Wandl ich in dem Wald des Abends,
In dem träumerischen Wald,
Immer wandelt mir zur Seite
Deine zärtliche Gestalt.
Ist es nicht dein weißer Schleier?
Nicht dein sanftes Angesicht?
Oder ist es nur der Mondschein,
Der durch Tannendunkel bricht?
Sind es meine eignen Tränen,
Die ich leise rinnen hör?
Oder gehst du, Liebste, wirklich
Weinend neben mir einher?
—By Heinrich Heine
I felt the need to go with another Emma Lazarus translation because of my trip today to the Statue of Liberty and to Ellis Island. Nearly a hundred years after her birth (one hundred after Goethe's) and 200 after Herder's Max I. Baym wrote of Ms. Lazarus as “A Neglected Translator of Italian Poetry” (Italica Vol. 21, No. 4, 1944).
“The New Colossus” (1883)
Not like the brazen giant of Greek fame
With conquering limbs astride from land to land;
Here at our sea-washed, sunset gates shall stand
A mighty woman with a torch, whose flame
Is the imprisoned lightning, and her name
Mother of Exiles. From her beacon-hand
Glows world-wide welcome; her mild eyes command
The air-bridged harbor that twin cities frame,
“Keep, ancient lands, your storied pomp!” cries she
With silent lips. “Give me your tired, your poor,
Your huddled masses yearning to breathe free,
The wretched refuse of your teeming shore,
Send these, the homeless, tempest-tossed to me,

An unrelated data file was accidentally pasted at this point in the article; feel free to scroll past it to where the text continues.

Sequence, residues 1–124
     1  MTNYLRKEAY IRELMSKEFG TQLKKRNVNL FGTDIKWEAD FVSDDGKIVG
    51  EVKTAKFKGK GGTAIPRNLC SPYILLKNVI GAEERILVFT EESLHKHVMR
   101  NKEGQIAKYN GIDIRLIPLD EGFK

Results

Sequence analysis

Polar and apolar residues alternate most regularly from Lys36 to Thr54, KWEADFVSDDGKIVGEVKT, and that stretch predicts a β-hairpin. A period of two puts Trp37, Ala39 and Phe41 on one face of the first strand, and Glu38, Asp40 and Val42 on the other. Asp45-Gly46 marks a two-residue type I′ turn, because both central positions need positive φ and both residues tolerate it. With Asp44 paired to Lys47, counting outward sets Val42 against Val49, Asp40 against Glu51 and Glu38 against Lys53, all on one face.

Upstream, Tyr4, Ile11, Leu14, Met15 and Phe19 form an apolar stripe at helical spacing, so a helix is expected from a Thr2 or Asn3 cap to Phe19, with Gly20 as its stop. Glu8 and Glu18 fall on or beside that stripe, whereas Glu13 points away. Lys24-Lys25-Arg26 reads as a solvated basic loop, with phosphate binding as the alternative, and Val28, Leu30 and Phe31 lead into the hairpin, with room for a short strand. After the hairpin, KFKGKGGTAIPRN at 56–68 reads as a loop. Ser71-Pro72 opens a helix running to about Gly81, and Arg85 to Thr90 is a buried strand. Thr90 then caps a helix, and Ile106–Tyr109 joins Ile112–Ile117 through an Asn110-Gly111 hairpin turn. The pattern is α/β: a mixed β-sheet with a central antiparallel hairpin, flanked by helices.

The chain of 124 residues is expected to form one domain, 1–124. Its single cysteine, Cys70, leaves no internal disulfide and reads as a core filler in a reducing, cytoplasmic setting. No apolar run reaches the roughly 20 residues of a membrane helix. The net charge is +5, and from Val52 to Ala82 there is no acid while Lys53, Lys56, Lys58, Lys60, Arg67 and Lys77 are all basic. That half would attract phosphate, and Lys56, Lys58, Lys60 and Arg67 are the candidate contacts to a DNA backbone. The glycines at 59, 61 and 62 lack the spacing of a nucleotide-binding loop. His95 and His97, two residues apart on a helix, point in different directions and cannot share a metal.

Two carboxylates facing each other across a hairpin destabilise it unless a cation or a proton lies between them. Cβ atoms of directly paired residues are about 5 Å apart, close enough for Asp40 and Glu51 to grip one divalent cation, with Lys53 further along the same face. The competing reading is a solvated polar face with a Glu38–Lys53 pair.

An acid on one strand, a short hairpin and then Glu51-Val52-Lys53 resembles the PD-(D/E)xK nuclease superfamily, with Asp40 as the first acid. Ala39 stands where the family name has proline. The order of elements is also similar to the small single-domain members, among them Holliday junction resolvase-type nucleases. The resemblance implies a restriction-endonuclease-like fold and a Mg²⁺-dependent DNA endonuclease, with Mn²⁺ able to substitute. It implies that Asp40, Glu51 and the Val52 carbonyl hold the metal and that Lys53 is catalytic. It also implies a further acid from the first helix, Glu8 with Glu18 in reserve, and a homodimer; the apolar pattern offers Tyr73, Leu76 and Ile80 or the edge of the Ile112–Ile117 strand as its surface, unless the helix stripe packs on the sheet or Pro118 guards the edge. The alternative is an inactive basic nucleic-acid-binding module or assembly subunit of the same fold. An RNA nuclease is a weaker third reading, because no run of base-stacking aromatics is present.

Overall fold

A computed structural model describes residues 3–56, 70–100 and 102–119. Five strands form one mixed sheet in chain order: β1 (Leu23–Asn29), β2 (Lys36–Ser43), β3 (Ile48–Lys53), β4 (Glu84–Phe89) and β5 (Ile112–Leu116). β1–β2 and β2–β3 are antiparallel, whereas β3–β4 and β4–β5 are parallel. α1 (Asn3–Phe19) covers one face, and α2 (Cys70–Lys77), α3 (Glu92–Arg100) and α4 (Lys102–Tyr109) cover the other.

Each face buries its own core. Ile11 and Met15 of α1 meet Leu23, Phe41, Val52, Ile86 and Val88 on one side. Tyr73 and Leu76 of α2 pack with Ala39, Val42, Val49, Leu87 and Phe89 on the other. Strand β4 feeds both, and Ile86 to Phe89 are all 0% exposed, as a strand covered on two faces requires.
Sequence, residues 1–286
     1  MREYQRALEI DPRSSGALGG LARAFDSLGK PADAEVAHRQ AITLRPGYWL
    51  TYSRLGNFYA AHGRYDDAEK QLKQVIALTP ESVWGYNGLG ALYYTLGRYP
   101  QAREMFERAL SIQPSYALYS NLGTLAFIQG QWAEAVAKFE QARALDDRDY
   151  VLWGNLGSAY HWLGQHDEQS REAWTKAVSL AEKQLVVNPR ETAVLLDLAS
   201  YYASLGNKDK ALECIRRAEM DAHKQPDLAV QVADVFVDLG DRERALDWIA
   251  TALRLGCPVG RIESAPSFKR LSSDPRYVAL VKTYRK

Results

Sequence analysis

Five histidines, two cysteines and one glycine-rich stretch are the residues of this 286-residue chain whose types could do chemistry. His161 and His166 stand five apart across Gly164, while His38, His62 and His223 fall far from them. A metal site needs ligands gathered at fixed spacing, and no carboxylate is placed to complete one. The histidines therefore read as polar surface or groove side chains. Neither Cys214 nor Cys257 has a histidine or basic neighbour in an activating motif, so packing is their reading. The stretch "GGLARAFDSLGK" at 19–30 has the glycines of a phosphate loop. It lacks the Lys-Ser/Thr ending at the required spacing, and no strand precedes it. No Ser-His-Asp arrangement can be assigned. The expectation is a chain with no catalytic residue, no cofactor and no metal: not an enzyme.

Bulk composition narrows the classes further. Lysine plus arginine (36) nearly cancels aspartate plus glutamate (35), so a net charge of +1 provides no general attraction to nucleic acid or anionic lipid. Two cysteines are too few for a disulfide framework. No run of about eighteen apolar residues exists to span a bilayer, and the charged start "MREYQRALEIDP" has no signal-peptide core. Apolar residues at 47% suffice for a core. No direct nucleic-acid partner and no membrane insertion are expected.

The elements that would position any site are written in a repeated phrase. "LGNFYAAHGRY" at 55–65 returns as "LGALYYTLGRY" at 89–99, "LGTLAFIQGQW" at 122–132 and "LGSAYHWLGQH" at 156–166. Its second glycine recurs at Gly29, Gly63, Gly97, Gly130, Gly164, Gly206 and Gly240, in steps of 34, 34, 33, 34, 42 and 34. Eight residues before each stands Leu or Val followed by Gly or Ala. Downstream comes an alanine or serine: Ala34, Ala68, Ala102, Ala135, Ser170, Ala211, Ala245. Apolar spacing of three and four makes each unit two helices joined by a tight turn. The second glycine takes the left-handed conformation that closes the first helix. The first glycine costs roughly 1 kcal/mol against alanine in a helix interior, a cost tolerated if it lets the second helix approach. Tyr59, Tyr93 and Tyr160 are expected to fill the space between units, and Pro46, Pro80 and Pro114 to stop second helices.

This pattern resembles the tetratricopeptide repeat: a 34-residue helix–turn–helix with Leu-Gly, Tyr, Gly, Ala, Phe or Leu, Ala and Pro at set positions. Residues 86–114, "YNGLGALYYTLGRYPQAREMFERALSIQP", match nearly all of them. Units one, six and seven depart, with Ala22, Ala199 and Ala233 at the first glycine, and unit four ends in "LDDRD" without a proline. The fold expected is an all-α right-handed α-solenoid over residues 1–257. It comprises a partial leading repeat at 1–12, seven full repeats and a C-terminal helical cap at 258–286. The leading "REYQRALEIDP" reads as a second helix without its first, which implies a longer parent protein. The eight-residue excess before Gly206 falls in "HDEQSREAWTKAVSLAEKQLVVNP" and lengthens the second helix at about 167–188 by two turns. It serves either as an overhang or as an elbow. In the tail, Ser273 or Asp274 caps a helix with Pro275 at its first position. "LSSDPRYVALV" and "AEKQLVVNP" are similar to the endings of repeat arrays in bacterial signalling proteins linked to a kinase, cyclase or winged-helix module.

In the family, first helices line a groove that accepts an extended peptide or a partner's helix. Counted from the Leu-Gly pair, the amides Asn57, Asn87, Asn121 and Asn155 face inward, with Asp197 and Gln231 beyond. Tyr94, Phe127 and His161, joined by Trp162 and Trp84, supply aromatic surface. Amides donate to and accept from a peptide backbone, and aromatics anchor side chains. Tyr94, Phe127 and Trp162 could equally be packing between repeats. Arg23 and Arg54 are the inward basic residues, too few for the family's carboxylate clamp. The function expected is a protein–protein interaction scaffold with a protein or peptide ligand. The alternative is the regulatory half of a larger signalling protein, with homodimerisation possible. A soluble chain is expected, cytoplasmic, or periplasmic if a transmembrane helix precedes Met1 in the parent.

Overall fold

I lift my lamp beside the golden door!”
It's almost a benevolent, beautiful rather than sublime imitation of “Ozymandias.”
And when I think of Colossus I have to think of that heroic X-Man who sacrificed himself years ago in publication time but only a year or two ago at most in “comic time,” ... the character who was brought back not too long ago, and you know, while it was an even worse retcon than the rebirth of Jean Grey, it worked, because Kitty's relationship (on-and-off) with him is one of the things that made her work as a character, and she'd been gone too long. The return (and good writing) of Kitty Pryde was worth the retcon, I'd say.
So say we all.
But enough of the comics for now. I have a new Ms. Marvel to read, there's a new issue of The Loners, a somewhat throw-away side-project from Marvel (a limited series at that), and issue 5 (of 7) of the Marvel adaptation/interpretation of Stephen King's Dark Tower is out ... and as usual, expect the art to be beautiful.
Today Jy and I got up early, had a great, cheap 2-egg breakfast down at the corner of Broadway and 108th (mmm ... coffay ... and refills), and headed downtown, all the way downtown, to the end of the line so we could catch an early ferry out to Ellis and Liberty islands. The ferry is $11.50 for adults (no student prices: boo), but the islands themselves (run by the Park Service) are “free.” To go into the Statue of Liberty, though, you need to get a free “Monument Pass,” which is good during a certain time on a certain day. They try to limit it to 2800 or so people per day to reduce traffic in the statue and its museum.